Getting breast implants does not increase a woman's breast cancer risk or interfere in detection procedure, say researchers from The University of Texas M. D. Anderson Cancer Centre
"The question of how implants affect breast cancer risk and screening tests, like the mammogram, is a question that many women ask," said Dr Therese Bevers, medical director of the Cancer Prevention Centre at M. D. Anderson.
"The good news is that implants do not increase breast cancer risks. But, they also don't decrease them because women with implants still have their natural breast tissue," Bevers added.
The researchers advise to pay special attention to breasts and promptly reporting any changes to the doctor.
"The person most likely to find a lump in the breast is the woman herself," said Bevers.
"With implants, becoming familiar with your breasts is more difficult at first because the breast will have a different texture. It also will have new folds or dimples.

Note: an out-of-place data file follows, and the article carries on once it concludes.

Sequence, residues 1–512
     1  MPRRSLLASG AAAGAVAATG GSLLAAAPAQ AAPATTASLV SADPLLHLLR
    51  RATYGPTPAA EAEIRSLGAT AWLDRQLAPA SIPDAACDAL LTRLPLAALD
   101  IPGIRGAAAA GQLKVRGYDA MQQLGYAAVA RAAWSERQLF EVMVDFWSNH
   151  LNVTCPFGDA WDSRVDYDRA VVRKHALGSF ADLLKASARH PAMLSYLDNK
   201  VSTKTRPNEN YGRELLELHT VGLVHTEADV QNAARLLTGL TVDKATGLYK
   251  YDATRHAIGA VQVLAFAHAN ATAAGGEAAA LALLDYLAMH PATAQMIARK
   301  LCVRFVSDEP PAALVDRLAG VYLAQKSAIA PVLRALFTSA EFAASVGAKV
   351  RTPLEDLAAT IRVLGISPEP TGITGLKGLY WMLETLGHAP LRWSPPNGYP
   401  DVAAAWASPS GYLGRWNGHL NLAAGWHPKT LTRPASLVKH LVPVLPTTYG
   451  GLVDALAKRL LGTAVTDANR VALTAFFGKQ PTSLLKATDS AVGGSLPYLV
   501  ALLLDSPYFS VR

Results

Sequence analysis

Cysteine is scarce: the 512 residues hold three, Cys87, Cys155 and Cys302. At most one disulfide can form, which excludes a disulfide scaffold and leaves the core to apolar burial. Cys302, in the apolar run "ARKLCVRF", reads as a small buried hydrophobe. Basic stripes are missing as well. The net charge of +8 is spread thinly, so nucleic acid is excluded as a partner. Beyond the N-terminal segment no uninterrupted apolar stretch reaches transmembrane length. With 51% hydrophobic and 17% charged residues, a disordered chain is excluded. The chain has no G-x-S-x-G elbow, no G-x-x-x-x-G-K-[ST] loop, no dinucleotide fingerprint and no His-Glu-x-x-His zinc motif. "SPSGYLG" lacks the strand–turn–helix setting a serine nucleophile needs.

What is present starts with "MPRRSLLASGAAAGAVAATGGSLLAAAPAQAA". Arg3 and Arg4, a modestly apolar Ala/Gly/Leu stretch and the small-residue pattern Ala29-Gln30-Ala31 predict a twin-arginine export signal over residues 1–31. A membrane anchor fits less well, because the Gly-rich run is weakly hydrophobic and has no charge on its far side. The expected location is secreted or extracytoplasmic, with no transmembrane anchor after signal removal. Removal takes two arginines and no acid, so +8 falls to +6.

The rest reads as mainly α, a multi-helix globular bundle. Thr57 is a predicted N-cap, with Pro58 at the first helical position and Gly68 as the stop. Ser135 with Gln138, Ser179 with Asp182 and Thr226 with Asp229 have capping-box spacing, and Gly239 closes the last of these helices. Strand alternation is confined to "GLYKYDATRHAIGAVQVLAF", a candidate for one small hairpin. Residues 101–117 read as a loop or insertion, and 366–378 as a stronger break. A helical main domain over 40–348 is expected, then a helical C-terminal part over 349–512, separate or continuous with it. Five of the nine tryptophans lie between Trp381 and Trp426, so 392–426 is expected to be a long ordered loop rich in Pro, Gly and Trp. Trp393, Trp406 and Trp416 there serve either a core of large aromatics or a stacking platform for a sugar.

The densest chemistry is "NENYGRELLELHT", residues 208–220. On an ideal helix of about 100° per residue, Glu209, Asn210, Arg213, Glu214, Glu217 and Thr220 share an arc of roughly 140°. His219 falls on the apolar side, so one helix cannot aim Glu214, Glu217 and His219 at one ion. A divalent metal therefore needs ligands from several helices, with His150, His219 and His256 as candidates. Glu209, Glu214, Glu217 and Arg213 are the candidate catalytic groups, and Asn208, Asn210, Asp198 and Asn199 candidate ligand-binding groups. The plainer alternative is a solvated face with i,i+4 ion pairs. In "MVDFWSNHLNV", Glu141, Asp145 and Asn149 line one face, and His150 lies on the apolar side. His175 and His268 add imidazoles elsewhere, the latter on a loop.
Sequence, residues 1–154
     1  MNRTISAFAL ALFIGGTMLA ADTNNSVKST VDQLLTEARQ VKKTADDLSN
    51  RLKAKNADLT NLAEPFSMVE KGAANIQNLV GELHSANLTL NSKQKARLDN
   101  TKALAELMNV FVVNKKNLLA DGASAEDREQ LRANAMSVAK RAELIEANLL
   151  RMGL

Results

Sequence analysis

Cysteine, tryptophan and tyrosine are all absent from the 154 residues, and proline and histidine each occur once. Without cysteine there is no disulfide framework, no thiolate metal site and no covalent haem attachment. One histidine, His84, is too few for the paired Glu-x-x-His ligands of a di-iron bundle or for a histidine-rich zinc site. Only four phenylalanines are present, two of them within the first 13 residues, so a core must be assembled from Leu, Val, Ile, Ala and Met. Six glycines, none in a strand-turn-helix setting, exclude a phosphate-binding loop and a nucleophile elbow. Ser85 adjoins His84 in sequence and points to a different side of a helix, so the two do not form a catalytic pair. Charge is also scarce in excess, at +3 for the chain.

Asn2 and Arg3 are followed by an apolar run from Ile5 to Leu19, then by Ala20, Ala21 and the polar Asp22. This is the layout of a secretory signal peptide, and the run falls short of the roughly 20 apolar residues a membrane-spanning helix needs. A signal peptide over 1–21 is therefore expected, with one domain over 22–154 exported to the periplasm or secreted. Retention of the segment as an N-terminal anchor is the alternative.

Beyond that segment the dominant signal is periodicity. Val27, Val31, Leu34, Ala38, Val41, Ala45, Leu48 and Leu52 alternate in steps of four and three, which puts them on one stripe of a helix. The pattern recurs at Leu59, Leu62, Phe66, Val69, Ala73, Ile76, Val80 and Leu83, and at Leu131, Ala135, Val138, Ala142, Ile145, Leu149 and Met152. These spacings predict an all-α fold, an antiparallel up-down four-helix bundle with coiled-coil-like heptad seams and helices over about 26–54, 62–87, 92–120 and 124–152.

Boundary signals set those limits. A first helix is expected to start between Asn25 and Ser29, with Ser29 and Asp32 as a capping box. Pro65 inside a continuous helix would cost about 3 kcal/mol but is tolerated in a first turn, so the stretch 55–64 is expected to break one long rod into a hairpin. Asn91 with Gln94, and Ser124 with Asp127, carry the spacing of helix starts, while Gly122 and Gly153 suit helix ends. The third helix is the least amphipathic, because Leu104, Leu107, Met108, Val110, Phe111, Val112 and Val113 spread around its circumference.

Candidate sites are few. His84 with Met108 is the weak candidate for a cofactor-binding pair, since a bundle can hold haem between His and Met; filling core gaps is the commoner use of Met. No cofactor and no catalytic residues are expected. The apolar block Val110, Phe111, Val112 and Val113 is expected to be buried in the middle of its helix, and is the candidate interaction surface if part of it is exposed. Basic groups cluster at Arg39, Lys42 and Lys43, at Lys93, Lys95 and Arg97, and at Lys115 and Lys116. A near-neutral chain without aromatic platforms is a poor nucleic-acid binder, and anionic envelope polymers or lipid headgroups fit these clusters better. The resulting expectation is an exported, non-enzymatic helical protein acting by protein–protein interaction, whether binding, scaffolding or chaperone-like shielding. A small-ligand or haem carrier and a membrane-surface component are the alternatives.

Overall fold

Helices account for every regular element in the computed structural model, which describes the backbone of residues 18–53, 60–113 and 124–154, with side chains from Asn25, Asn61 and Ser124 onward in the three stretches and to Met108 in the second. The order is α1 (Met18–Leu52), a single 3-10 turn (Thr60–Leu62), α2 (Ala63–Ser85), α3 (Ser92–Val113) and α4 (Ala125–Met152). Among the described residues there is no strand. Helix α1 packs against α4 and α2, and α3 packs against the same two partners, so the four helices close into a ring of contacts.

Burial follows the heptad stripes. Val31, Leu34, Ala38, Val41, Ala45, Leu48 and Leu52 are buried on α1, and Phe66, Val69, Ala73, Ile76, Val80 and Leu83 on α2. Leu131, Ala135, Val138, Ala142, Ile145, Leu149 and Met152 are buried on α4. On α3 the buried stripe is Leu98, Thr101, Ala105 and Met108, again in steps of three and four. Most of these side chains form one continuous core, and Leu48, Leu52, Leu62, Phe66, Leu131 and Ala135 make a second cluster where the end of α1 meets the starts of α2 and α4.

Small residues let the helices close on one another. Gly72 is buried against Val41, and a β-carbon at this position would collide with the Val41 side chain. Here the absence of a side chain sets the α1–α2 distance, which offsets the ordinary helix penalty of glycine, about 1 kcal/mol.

"But after a woman knows her new breasts, having implants should not get in the way of her noticing a change that might be cancer," she added.
During a mammogram, images are collected by flattening the breast between two mammogram plates. Implants can get in the way of this flattening, which makes it difficult to see the breast as clearly.
However, according to the researchers, this doesn't mean that women with implants can't be screened for breast cancer. It just means that women with implants need additional pictures taken during the mammogram.
However, women also should be aware that the size of their implants can affect breast cancer testing.
"Very large implants can be more difficult to image with mammography," said Dr Elisabeth Beahm, F.A.C.S., a professor in the Department of Plastic Surgery at M. D. Anderson.
"So we suggest that women concerned about breast cancer not get extremely large implants. Stick with implants that fit your body type," she added.